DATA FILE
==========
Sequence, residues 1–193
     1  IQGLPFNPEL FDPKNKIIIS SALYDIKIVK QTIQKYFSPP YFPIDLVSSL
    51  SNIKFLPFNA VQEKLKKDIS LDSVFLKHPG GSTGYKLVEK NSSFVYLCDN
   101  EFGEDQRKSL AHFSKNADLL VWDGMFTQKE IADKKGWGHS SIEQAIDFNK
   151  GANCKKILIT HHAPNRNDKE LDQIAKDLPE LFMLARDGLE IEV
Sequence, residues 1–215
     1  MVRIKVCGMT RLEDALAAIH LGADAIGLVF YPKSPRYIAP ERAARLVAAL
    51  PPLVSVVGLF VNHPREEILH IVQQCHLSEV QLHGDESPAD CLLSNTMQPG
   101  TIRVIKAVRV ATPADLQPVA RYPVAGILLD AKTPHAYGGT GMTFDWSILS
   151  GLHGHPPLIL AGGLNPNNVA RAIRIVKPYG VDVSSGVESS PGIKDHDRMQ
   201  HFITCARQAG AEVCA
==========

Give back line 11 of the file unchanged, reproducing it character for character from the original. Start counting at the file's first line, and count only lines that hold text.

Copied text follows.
   201  HFITCARQAG AEVCA